Author 6, Jitender Saini, is a neuroradiologist who carried out neuroimaging studies, reviewed imaging findings and analysed and interpreted the neuroimaging data and reviewed the manuscript providing critical inputs.

All the authors gave final approval for publication and agree to be accountable for all aspects of the work in ensuring that questions related to the accuracy or integrity of any part of the work are appropriately investigated and resolved.

Corresponding author takes full responsibility for the work as a whole, including the study design, access to data and the decision to submit and publish the manuscript.

Compliance with ethical standards

Conflict of interest

The authors declare that they have no conflict of interest.


  1. 1.
    Pezzini A, Padovani A (2008) Cerebral amyloid angiopathy-related hemorrhages. Neurol Sci 29:260–263. CrossRefGoogle Scholar
  2. 2.
    Knudsen KA, Rosand J, Karluk D, Greenberg SM (2001) Clinical diagnosis of cerebral amyloid angiopathy: validation of the Boston criteria. Neurology 56:537–539CrossRefGoogle Scholar
  3. 3.
    Greenberg SM, Vonsattel JP (1997) Diagnosis of cerebral amyloid angiopathy. Sensitivity and specificity of cortical biopsy. Stroke 28:1418–1422CrossRefGoogle Scholar
  4. 4.
    Vonsattel JP, Myers RH, Hedley-Whyte ET, Ropper AH, Bird ED, Richardson EPJ Jr (1991) Cerebral amyloid angiopathy without and with cerebral hemorrhages: a comparative histological study. Ann Neurol 30:637–649CrossRefGoogle Scholar
  5. 5.
    Oppenheim G (1909) Über “drusige Nekrosen” in der Grosshirnrinde. Neurol Centralbl 28:410–413Google Scholar
  6. 6.
    Pantelakis S (1954) A particular type of senile angiopathy of the central nervous system: congophilic angiopathy cerebral amyloid angiopathy without and with cerebral hemorrhages: a comparative histological study, topography and frequency. Monatsschr Psychiatr Neurol 128:219–256CrossRefGoogle Scholar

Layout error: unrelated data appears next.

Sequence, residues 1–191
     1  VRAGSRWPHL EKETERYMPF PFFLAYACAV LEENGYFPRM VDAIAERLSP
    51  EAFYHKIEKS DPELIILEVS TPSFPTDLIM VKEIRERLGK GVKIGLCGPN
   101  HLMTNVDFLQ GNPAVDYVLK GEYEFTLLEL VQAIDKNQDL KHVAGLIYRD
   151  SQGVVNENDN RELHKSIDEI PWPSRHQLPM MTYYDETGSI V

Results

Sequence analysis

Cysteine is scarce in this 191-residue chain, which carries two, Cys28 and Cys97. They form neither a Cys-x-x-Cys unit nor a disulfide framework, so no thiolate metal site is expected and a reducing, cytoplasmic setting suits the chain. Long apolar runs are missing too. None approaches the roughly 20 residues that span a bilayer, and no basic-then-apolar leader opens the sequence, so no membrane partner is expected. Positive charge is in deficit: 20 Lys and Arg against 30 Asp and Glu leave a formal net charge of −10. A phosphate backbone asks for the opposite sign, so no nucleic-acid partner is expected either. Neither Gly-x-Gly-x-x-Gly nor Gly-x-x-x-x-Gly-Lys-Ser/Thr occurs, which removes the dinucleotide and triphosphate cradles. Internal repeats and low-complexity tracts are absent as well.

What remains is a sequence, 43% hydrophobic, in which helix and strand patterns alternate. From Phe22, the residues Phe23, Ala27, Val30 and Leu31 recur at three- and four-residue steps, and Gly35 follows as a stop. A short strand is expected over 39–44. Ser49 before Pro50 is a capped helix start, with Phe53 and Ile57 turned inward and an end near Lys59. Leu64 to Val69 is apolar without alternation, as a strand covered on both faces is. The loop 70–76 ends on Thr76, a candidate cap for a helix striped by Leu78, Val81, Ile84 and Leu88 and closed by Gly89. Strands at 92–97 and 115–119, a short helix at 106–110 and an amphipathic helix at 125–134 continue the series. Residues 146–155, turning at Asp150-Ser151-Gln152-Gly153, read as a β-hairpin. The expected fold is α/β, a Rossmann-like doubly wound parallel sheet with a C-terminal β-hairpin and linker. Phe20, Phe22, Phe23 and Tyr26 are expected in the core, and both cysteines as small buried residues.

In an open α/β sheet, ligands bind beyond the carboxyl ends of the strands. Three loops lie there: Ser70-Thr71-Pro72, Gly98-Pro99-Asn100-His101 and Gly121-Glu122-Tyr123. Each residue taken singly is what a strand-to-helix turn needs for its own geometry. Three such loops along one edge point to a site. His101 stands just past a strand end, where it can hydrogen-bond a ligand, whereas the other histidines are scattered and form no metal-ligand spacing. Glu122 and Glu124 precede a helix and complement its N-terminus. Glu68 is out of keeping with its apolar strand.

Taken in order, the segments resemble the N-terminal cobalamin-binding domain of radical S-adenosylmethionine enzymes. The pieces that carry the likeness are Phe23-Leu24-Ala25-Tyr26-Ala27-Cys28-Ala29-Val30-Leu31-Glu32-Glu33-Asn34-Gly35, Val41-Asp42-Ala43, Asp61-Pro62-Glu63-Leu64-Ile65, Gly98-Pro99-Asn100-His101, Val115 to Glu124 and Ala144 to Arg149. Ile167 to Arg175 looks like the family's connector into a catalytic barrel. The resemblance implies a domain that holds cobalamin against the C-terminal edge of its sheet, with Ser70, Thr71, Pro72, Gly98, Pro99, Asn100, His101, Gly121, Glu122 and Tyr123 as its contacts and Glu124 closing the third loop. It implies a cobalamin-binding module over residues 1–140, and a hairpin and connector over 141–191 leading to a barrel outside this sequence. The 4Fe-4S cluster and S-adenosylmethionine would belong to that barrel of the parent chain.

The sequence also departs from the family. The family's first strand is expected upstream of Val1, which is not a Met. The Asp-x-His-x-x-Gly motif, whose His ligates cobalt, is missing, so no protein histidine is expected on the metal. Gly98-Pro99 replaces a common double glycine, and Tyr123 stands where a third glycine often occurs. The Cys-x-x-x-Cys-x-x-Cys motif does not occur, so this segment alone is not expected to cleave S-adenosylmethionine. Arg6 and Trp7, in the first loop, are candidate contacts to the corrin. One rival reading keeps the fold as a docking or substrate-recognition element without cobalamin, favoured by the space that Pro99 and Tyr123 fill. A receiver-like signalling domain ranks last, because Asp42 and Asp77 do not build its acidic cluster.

7. 7.
    Okazaki H, Reagan TJ, Campbell RJ (1979) Clinicopathologic studies of primary cerebral amyloid angiopathy. Mayo Clin Proc 54:22–31Google Scholar
  8. 8.
    Biffi A, Greenberg SM (2011) Cerebral amyloid angiopathy: a systematic review. J Clin Neurol 7:1–9. CrossRefGoogle Scholar
  9. 9.
    Mehndiratta P, Manjila S, Ostergard T, Eisele S, Cohen ML, Sila C, Selman WR (2012) Cerebral amyloid angiopathy–associated intracerebral hemorrhage: pathology and management. Neurosurg Focus 32:E7. CrossRefGoogle Scholar
  10. 10.
    Iadecola C (2003) Cerebrovascular effects of amyloid-beta peptides: mechanisms and implications for Alzheimer’s dementia. Cell Mol Neurobiol 23:681–689CrossRefGoogle Scholar
  11. 11.
    Zipfel GJ, Han H, Ford AL, Lee JM (2009) Cerebral amyloid angiopathy: progressive disruption of the neurovascular unit. Stroke 40:S16–S19. CrossRefGoogle Scholar
  12. 12.
    Jung SS, Zhang W, Van Nostrand WE (2003) Pathogenic A beta induces the expression and activation of matrix metalloproteinase-2 in human cerebrovascular smooth muscle cells. J Neurochem 85:1208–1215CrossRefGoogle Scholar
  13. 13.
    Lee JM, Yin KJ, Hsin I, Chen S, Fryer JD, Holtzman DM, Hsu CY, Xu J (2003) Matrix metalloproteinase-9 and spontaneous hemorrhage in an animal model of cerebral amyloid angiopathy. Ann Neurol 54:379–382CrossRefGoogle Scholar
  14. 14.